tracklement

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English[edit]

Etymology[edit]

Coined in its current sense by the English cookery writer Dorothy Hartley in her book Food in England in 1954, but probably derived from a similar dialect word with variant spellings (e.g. tranklement, tanchiment) used before that date across North and Central England and meaning "ornaments, trinkets; bits of things".

Noun[edit]

tracklement (plural tracklements)

  1. (Britain, rare) A savoury condiment (for example a mustard, relish or chutney), especially one served with meat.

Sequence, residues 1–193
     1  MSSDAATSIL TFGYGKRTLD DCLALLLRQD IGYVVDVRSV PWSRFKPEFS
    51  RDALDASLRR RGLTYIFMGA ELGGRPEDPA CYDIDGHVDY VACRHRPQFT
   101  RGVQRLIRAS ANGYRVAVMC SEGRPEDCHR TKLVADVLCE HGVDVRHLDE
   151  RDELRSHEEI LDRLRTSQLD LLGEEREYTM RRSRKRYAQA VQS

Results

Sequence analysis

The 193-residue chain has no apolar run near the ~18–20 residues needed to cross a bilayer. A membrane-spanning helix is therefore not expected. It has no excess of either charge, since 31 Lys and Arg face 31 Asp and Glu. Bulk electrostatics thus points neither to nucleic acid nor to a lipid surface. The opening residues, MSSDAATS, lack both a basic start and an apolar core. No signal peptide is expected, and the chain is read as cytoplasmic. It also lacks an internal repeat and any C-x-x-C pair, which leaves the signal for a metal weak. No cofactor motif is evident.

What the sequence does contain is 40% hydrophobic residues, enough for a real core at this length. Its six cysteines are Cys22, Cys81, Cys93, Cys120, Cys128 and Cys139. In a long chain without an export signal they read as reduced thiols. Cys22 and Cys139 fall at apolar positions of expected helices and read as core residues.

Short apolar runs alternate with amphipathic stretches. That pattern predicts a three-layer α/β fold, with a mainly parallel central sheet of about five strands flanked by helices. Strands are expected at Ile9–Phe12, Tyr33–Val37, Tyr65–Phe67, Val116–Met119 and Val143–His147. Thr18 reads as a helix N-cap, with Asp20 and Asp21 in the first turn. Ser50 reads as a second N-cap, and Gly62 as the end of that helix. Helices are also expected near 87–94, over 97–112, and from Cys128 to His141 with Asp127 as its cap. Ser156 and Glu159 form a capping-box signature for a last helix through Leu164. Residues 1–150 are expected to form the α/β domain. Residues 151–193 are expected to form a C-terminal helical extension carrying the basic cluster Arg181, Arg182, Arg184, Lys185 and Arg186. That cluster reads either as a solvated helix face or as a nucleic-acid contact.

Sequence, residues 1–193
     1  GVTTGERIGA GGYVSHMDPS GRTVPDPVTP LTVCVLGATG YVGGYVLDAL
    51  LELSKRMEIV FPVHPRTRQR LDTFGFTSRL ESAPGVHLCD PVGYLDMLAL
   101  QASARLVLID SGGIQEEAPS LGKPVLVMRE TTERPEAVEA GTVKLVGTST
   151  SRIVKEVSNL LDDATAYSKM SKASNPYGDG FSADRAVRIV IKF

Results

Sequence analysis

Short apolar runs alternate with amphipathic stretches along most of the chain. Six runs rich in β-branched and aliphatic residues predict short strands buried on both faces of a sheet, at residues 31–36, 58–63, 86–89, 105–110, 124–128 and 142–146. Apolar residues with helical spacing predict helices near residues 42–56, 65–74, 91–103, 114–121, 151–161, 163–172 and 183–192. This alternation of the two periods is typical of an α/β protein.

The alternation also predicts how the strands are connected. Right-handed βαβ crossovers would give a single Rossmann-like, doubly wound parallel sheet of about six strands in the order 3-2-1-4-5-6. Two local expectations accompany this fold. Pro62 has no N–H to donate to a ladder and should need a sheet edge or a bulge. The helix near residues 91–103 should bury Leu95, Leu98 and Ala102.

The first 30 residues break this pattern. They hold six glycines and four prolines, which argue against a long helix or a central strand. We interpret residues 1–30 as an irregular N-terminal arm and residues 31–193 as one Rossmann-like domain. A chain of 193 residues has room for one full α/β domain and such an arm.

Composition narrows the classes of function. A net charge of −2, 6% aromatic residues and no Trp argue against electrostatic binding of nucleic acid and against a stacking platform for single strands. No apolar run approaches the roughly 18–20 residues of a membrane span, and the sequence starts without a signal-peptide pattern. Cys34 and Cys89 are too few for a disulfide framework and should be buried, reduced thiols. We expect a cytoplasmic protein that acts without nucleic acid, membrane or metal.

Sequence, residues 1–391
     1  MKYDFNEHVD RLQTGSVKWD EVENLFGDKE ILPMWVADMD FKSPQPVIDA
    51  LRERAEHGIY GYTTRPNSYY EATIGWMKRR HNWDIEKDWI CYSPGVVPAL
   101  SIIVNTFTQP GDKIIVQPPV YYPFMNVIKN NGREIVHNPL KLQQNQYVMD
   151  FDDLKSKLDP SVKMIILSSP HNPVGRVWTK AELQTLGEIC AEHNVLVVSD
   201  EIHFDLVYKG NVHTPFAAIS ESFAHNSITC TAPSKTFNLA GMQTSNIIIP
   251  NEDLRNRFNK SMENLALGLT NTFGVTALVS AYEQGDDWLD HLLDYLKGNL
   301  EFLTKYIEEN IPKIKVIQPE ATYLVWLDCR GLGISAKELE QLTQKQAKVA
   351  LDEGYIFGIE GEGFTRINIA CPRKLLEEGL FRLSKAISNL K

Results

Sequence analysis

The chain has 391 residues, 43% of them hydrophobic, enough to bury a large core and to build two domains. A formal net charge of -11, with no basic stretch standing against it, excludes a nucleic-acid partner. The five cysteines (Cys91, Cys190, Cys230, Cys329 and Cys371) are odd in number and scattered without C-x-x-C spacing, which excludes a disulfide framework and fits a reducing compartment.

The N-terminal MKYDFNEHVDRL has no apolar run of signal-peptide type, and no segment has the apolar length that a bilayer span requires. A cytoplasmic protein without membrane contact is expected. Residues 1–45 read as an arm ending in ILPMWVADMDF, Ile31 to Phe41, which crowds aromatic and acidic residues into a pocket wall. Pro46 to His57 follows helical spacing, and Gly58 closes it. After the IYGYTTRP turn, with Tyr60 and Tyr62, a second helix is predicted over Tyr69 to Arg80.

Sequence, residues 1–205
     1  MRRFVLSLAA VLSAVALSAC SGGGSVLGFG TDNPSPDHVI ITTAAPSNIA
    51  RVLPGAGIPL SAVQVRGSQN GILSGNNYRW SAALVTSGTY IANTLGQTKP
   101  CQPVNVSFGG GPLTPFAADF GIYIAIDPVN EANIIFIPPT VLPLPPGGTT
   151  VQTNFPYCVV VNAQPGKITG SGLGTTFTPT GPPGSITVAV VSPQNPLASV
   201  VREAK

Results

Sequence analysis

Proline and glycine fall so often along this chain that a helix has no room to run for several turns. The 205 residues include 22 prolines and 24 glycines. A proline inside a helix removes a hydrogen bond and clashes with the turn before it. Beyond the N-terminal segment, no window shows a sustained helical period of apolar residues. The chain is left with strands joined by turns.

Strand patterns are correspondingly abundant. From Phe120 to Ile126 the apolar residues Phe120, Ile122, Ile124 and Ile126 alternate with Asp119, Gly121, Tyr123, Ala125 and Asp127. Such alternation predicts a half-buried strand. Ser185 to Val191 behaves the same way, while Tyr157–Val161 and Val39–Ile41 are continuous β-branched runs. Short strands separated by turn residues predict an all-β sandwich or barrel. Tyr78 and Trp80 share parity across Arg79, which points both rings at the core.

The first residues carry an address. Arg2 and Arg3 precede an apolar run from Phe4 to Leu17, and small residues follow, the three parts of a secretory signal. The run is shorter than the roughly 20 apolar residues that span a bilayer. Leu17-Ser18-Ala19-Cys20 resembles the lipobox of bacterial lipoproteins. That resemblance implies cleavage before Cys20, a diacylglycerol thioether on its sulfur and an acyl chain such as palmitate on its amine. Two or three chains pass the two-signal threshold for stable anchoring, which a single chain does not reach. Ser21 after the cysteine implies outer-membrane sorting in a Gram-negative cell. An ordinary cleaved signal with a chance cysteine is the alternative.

• 1992, Simon Scott, Cruising Guide to the Virgin Islands, 1993-1994, page 140:
      preserves, conserves and homemade tracklements are sold at
    • 2004, Katharine Weber, The Little Women, page 159:
      nestled together in a cunning arrangement, ornamented by the tracklements she had labored to obtain for her friends
    • 2006, Janet MacDonald, Feeding Nelson's Navy: The True Story of Food at Sea in the Georgian Era‎, page 128:
      The content of these stores, as well as wine, would mostly be preserved foodstuffs and tracklements.

References[edit]